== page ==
My dad is pretty awesome. He’s kind of a badass, but he’s also one of the nicest guys I know. It took me a long time to see it, but my dad is a much more complicated man than just what’s on the surface. I mean, we all are more complicated than our outer self would suggest, but I think my dad is more so than most. He’s both a nerd and a jock. He’s an intellectual who loves really stupid comedies. He can talk about the details of economics and calculus, or create awesome artwork. When we’re young, we’re taught to see things in black and white, even if we don’t realize it. But we’re all grey. My dad is grey.

My dad is Robin Hood, and Mr. Incredible, and The Iron Monkey, and Superman. Which is pretty cool, when you think about it.

As a kid, I only saw Superman, and this one had no kryptonite. But as I grew older I saw things like kindness, generosity, and compassion that I had never even thought to look for. I think I refused to call my dad Mr. Incredible, but I may have called him Mr. Crabbs at some point. Crusty on the outside, soft inside. (Love you, dad.)

My dad taught me that everything is not, in fact, black and white. He taught me to think about things on my own and not to take everyone else’s opinions and ideas at face value, even if they seemed to make sense at first. Even when they had evidence to back it up. I learned to ask questions, of everything. To observe, ask, and then find answers. I learned to analyze. He would talk about politics and other people and science and books in a way that I never heard other people talk about them. He talked about faults in people’s views, even when he agreed with most of what a person was saying, and talked about books that he liked, but also why he liked them, why the main character annoyed him, why it was a good story, and what he wished had been different. I heard him talk about things calmly, rationally, and without making the other person feel stupid if they disagreed.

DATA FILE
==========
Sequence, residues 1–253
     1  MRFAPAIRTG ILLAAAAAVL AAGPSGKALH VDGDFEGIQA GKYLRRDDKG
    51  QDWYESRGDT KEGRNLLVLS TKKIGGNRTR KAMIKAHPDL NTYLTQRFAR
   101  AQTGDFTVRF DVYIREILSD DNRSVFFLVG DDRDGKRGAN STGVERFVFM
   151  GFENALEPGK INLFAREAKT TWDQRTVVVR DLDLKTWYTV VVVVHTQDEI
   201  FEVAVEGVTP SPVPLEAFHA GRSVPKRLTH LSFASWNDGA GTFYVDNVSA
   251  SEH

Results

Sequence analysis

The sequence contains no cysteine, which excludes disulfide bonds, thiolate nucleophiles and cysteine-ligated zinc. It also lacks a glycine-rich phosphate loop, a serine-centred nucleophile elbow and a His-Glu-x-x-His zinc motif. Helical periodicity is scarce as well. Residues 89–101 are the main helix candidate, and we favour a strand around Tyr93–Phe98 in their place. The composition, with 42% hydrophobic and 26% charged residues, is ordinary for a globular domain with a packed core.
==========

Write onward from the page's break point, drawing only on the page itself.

Through this love of learning and discussion and analyzing, my dad was also the one who taught me to love books. When I was younger, we didn’t have cable TV. My dad didn’t let us sit in front of the TV very often, so we’d read. Ultimately, this has led to my ambition to be an author. He didn’t get upset if I stayed up until 6am on Saturday morning because I just didn’t know time was passing as I read a book. Because, hey, his kids love to read! I read everything I could get my hands on that had horses or dragons in it, and it was not long until I started trying to write my own stories. I didn’t show many of them to my dad, I don’t think, not because I was trying to hide them, but because I started writing just because it brought me joy, not because I wanted or needed others to read it. But when I’d show my writing to my dad, he always encouraged it. He told me I did a good job, but also told me when things didn’t make sense or were wrong. Whether it was artwork, writing, riding horses, or anything else, my dad was always there telling me that I was doing well, telling me to keep going, and that I should do something with my talents and dreams, even if they sounded crazy. It was always, “Of course you can do it,” along with a practical, “But you’ll have to work for it.”